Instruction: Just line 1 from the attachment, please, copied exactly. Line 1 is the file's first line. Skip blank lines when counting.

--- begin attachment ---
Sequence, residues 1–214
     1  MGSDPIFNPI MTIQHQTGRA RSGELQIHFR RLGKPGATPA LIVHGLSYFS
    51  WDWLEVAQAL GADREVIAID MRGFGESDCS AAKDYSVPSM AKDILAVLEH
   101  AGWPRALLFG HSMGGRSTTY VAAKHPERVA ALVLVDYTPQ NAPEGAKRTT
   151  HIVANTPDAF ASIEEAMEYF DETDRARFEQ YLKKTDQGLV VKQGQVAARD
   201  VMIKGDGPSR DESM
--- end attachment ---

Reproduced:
Sequence, residues 1–214